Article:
Each segment shares a background theory stored in a single axiom file. Each problem in a given segment, with the exception of segment 1, consists of a single include directive (the background theory) and a single conjecture. Hence, ATP systems which can maintain state across problems will gain a 50x speedup by loading the background theory once, bookmarking that state, and posing multiple conjectures against the pre-loaded background theory. The meta-information that the background theory is static with respect to the segment is contained in a TPTP “pragma” implemented as a defined comment as specified in the TPTP BNF. An example of the relevant section of the TPTP file is as follows:
%$problem_series(cyc_scaling_1,[CSR025+1,CSR026+1,CSR027+1,CSR028+1,CSR029+1,CSR030+1,CSR031+1,CSR032+1,CSR033+1,CSR034+1,CSR035+1,CSR036+1,CSR037+1,CSR038+1,CSR039+1,CSR040+1,CSR041+1,CSR042+1,CSR043+1,CSR044+1,CSR045+1,CSR046+1,CSR047+1,CSR048+1,CSR049+1,CSR050+1,CSR051+1,CSR052+1,CSR053+1,CSR054+1,CSR055+1,CSR056+1,CSR057+1,CSR058+1,CSR059+1,CSR060+1,CSR061+1,CSR062+1,CSR063+1,CSR064+1,CSR065+1,CSR066+1,CSR067+1,CSR068+1,CSR069+1,CSR070+1,CSR071+1,CSR072+1,CSR073+1,CSR074+1]) %$static(cyc_scaling_1,include('Axioms/CSR002+0.ax')) include('Axioms/CSR002+0.ax').
The first defined comment, beginning with %$problem_series, declares a problem series cyc_scaling_1, segment 1 of the Cyc Scaling Challenge Problem Set, which consists of the stated list of TPTP problems.
The second defined comment, beginning with %$static, declares that the stated directive, in this case an include directive, is static with respect to the stated problem series. In particular, this means that the include directive for the axiom file Axioms/CSR002+0.ax is static (i.e. will not change) with respect to each problem in the cyc_scaling_1 problem series.
The third directive is the actual include directive. A clever theorem prover could pay attention to the preceding defined comments and handle this include specially, since it has the meta-knowledge that it is static with respect to this problem series.
The Elaboration Challenge Problem Set
The Elaboration Challenge Problem Set consists of 300 problems with about 3,280,000 axioms each. The Elaboration Challenge Problem Set is designed to be more challenging than the Scaling Challenge Problem Set and to be even more representative of the problems Cyc’s inference engine typically faces. Developers are advised to tackle the Scaling Challenge Problem Set before the Elaboration Challenge Problem Set. The Elaboration Challenge Problem Set tests everything in the Scaling Challenge Problem Set, and also tests a system’s elaboration tolerance.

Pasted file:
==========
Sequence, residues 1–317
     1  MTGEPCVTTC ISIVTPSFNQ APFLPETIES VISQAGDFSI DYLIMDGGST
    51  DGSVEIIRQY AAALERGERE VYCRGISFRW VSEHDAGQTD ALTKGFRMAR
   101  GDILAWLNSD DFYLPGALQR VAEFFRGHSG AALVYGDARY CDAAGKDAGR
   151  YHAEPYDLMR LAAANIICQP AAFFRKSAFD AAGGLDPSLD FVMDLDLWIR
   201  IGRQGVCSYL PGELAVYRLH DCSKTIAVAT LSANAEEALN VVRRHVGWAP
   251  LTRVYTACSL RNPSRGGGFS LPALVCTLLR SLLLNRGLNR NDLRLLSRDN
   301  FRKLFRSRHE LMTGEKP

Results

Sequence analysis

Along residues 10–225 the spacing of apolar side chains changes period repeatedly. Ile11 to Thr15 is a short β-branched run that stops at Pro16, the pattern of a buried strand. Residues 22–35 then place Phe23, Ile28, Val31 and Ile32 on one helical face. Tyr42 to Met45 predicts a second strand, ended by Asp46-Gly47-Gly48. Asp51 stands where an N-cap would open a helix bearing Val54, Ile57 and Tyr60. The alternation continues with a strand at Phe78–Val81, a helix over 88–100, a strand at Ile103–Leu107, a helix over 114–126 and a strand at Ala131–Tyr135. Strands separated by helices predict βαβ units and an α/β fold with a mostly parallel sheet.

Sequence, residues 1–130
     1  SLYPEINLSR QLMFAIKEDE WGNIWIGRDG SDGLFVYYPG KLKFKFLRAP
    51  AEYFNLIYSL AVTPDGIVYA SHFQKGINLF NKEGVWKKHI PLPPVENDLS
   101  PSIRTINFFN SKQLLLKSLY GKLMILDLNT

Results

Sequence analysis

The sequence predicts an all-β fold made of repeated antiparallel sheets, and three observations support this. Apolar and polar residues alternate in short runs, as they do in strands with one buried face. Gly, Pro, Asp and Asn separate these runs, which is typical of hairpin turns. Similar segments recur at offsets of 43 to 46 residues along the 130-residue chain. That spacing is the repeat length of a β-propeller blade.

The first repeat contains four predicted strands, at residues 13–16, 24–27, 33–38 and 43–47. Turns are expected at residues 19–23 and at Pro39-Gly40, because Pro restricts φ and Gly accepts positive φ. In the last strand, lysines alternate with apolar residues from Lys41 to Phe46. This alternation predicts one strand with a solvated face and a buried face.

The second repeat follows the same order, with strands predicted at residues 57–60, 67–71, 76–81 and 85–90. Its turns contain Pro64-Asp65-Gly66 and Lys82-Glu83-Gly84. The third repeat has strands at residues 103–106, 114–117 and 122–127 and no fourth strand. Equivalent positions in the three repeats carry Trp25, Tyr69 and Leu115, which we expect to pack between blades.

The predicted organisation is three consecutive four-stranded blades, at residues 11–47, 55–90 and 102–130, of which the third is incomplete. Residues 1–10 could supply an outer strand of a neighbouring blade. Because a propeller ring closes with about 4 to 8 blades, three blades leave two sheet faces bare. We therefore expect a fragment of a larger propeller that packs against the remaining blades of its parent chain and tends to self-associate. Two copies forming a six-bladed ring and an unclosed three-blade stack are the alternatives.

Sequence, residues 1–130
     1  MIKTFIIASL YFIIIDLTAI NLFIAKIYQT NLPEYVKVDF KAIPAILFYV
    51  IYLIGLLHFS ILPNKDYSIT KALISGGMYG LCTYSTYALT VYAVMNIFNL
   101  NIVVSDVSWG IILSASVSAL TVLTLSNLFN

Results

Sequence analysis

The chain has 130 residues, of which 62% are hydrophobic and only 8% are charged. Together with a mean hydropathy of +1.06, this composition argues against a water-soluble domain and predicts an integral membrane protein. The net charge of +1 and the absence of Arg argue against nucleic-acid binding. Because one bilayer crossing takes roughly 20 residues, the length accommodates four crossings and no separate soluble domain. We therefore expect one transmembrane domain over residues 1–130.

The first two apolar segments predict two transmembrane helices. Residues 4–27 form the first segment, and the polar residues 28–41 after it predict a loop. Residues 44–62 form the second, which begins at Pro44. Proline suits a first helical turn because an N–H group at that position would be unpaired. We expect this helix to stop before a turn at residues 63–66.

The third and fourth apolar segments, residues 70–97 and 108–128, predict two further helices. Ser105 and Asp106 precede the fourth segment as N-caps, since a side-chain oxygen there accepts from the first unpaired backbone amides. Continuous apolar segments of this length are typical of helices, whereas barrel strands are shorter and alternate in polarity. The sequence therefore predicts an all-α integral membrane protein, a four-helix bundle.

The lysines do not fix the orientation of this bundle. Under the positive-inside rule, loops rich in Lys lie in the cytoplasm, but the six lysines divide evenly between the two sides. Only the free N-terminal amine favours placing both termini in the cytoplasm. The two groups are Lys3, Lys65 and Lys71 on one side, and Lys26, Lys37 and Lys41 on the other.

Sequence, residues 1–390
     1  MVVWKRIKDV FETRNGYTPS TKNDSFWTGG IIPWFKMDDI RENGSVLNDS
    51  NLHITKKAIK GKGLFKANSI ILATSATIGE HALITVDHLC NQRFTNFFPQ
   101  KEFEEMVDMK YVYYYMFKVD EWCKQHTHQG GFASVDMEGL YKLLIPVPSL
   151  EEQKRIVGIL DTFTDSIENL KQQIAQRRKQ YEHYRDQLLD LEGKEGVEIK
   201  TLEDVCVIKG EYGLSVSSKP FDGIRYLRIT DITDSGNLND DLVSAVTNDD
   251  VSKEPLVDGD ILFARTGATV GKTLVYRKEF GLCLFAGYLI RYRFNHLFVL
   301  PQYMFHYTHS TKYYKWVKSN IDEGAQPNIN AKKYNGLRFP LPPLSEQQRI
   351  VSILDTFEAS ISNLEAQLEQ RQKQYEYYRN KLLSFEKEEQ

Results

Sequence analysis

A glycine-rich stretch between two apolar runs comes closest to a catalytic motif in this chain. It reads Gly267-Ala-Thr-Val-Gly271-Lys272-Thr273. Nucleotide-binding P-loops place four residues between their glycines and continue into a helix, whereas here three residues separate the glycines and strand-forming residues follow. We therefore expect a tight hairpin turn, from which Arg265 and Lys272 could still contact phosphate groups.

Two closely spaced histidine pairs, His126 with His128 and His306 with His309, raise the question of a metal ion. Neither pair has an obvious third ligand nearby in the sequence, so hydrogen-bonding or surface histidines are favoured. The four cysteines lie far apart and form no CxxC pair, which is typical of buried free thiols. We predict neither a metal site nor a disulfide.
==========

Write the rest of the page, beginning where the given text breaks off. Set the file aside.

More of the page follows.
A formalism is elaboration tolerant to the extent that it is convenient to modify a set of facts expressed in the formalism to take into account new phenomena or changed circumstances. -John McCarthy
The Elaboration Challenge Problem Set has not yet been released as part of the TPTP, but is available for download.
The Cyc knowledge base is dynamic, not static. It has a persistent axiom store that can be edited in real time — axioms and terms can be created or deleted without need for any global recompilation. The Elaboration Challenge Problem Set simulates this process. To perform optimally on this corpus, a system will maintain persistent state and be elaboration tolerant to changes to that state.
Each TPTP problem in the Elaboration Challenge Problem Set consists of three parts:
- The static KB
- The dynamic KB
- The conjecture
Every problem in the Elaboration Challenge Problem Set shares the same static KB. It is the first axiom file included, and it has the same pragmas as it does in the Scaling Challenge Problem Set (see above). It contains about 94% of the translated OpenCyc KB, including the autogenerated synthetic content. The static KB is very similar to the background theory in segment 6 of the Scaling Challenge Problem Set. The only differences are that 6% of the axioms are not present and the order is different.
Each problem in the Elaboration Challenge Problem Set includes a subset of the dynamic KB. The dynamic KB is chunked into many include files, each containing about 4500 axioms, some of which are duplications of axioms in the static KB and some of which are not. Some of these dynamic KB chunks will be included for a given problem and some will not. The deltas are small between adjacent problems in the series, so a clever theorem prover could take advantage of this by caching most of the dynamic KB and only adding or deleting the contents of those include files that differ between the current problem and the previous problem. This simulates a series of queries interspersed with a series of theory revisions.